You've probably heard of the quintessential 9-month pregnancy, but in medical parlance, a pregnancy is considered "full term" anywhere between 37-41 weeks' gestational age. Babies born before 37 weeks are typically called "preterm" or "premature." Unfortunately, preterm births are at an elevated risk of health problems.
Preterm births require a higher standard of care
The good news is modern medicine has created ways of mitigating those risks, both by helping women carry children to term and by caring for preterm births when they do occur. Doctors and other medical professionals need to meet appropriate standards of care for preterm births in order to prevent serious injuries, however.
Risk factors for preterm birth
While the cause of premature birth is not always known, there are several well-known risk factors, including:
- High blood pressure
- Multiple births (twins, triplets, etc.)
- Being overweight or underweight
- Certain types of vaginal infections
- Poor nutrition
Many of these risks can be mitigated with proper prenatal care. For example, a doctor can recommend dietary changes or prescribe vitamin supplements in order to ensure that the mother has proper nutrition. Screening for and treatment of infections such as group B streptococcus (or "group B strep") can also reduce the risk of a preterm birth.
Two medical treatments have been shown to reduce the risk of preterm birth - cervical cerclage and progesterone therapy. Cervical cerclage is a surgical procedure that reinforces the cervix to prevent preterm labor. It is medically indicated when the mother's cervix is incompetent or short. Mothers at risk of preterm birth can also undergo progesterone therapy, which is typically initiated around the 16th to 20th week of pregnancy and lasts until the 36th week. In order to prevent preterm birth, doctors need to effectively diagnose the risk factors, recommend these medically indicated treatments and properly perform them.
Mitigating injury risks during labor and delivery
When a mother goes into preterm labor, perhaps the greatest risk to the child is fetal distress (oxygen deprivation). It is often difficult for premature babies to get enough oxygen because their lungs are not fully developed. As such, monitoring the baby's heart rate for signs of distress throughout the labor and delivery process is critical. If the baby's heart rate drops below 110 beats per minute, that is a red flag indicating distress - and an immediate c-section is generally needed to avoid brain damage.
Another common problem is hyperbilirubinemia (jaundice), which causes a yellowing of the skin and eyes when the body is flooded with a chemical called bilirubin. While this can happen in full-term babies as well, preterm babies are particularly susceptible because the liver and kidneys are not yet fully developed. Left untreated, hyperbilirubinemia can have toxic effects that cause severe type of brain damage, known as kernicterus. Children with kernicterus often develop cerebral palsy, epilepsy or hearing loss.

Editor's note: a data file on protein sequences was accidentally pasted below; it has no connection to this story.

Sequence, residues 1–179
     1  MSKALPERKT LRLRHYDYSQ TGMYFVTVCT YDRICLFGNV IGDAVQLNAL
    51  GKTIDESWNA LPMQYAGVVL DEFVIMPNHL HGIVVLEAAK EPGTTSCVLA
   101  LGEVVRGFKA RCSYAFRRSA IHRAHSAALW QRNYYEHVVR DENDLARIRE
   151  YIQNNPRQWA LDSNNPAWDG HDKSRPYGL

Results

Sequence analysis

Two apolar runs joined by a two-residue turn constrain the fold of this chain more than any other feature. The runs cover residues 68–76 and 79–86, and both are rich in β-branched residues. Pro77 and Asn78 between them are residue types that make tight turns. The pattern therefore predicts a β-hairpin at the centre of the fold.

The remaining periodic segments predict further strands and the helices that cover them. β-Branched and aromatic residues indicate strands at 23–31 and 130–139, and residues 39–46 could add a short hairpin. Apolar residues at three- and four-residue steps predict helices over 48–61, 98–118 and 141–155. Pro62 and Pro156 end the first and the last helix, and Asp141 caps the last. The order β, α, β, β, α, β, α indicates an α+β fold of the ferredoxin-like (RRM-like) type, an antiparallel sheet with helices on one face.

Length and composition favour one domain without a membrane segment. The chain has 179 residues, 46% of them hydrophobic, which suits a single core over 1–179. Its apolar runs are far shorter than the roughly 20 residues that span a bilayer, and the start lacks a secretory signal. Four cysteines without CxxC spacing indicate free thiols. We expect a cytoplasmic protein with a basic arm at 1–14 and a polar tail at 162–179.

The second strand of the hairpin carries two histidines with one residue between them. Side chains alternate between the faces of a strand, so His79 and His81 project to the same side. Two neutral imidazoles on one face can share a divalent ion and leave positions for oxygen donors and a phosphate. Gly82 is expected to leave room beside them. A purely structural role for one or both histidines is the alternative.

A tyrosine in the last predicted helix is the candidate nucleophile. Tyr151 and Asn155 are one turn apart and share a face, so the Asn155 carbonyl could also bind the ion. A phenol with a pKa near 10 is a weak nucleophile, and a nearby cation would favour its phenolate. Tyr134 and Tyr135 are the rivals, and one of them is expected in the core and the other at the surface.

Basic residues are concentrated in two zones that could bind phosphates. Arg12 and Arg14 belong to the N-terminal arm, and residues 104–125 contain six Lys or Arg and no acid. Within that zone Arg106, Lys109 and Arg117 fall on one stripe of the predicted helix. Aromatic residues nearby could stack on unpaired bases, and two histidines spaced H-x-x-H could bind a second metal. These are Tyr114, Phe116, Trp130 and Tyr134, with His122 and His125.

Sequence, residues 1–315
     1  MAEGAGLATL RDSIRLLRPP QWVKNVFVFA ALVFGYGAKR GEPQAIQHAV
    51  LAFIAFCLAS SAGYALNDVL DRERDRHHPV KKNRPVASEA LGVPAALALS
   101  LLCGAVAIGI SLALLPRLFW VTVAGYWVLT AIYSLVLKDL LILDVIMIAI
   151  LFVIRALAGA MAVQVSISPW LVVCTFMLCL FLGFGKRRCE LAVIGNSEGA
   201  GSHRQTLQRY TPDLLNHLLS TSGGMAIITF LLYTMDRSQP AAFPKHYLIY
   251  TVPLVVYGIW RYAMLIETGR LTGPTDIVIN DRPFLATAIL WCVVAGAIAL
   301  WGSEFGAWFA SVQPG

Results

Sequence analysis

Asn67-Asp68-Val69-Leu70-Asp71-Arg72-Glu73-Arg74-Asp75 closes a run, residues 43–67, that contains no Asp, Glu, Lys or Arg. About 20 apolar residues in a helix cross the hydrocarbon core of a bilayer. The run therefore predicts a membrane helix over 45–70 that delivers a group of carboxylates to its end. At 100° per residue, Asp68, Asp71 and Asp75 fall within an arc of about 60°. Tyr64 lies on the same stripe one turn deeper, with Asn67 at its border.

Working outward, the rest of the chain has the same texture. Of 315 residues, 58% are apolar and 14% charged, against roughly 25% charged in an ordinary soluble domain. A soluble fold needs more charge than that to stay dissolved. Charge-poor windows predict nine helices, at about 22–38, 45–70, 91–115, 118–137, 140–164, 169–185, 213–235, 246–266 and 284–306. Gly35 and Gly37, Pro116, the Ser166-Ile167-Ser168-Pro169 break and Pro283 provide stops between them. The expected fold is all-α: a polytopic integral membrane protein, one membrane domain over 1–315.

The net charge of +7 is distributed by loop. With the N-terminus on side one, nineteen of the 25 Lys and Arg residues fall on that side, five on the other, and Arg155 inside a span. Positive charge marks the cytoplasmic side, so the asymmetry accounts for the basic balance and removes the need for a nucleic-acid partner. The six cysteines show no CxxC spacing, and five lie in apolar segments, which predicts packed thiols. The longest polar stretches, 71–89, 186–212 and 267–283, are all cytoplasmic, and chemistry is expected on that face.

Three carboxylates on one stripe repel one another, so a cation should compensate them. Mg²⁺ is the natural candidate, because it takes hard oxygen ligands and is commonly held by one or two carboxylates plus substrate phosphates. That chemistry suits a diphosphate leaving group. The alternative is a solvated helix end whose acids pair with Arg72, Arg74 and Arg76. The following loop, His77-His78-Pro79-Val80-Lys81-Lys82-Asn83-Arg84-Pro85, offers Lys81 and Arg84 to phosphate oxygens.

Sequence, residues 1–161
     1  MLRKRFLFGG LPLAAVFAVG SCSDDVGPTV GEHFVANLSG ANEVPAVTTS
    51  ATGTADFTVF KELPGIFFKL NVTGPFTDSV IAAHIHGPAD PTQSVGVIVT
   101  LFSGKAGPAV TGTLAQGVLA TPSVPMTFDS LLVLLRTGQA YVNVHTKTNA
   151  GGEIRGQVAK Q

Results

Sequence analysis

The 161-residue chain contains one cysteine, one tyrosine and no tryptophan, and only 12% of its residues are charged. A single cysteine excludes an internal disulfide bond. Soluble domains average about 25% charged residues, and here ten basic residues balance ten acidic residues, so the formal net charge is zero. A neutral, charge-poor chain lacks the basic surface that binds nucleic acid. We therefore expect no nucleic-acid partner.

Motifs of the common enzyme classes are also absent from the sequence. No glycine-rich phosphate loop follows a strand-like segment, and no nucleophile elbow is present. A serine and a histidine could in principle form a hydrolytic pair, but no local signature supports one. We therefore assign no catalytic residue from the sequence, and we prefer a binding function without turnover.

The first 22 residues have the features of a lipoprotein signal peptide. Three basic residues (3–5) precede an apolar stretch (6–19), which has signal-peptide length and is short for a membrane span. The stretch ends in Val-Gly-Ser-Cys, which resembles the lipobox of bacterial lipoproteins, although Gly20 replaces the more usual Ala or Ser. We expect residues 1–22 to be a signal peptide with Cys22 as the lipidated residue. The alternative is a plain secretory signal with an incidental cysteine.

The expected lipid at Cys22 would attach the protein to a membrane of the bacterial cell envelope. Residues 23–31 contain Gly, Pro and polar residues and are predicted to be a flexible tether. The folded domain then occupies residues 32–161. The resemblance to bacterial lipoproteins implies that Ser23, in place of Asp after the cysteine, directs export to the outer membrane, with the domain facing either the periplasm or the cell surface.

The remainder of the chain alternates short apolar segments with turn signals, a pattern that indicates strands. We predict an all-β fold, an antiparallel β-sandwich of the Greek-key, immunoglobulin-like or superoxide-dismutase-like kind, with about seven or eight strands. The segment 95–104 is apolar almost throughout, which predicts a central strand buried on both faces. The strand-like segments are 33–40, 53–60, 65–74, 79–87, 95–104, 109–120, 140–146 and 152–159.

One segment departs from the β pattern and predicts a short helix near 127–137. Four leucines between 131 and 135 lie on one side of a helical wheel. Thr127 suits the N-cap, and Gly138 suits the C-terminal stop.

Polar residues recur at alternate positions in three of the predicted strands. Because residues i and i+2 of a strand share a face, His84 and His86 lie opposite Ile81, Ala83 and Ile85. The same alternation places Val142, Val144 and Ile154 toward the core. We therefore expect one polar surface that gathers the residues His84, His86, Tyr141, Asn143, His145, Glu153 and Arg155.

A simple blood test can diagnose hyperbilirubinemia, and effective treatments are available to prevent brain damage in this situation, but a misdiagnosis, delayed diagnosis or inadequate treatment can lead to lifelong complications.
Neonatal hypoglycemia (NH) is a condition in which the baby's blood sugar (glucose) levels fall dangerously low shortly after birth. Without enough glucose, brain cells will start to die, which can cause cerebral palsy and other serious medical conditions. Again, this condition can be easily identified using a simple blood test, and treatment is usually as straightforward as giving the baby more breast milk or formula to drink or administering a glucose solution intravenously if the baby cannot be fed by mouth.
Children harmed by medical negligence have legal rights
When a child's injury is caused by medical mistakes - whether during prenatal care, labor and delivery, or neonatal care - that child's family has legal recourse against the responsible medical provider or providers. In order to recover financial compensation through a medical malpractice claim, you need to prove that a standard of care was not met and that such negligence caused your child's injury.
When birth injuries occur after premature births, numerous standards of care come into play. The victim's attorney must investigate, reconstruct the narrative of how the injury occurred, and typically consult with a medical expert who can testify that a standard of care was not met. That's why it is important to seek legal assistance as soon as possible after a premature child is diagnosed with cerebral palsy or another birth injury.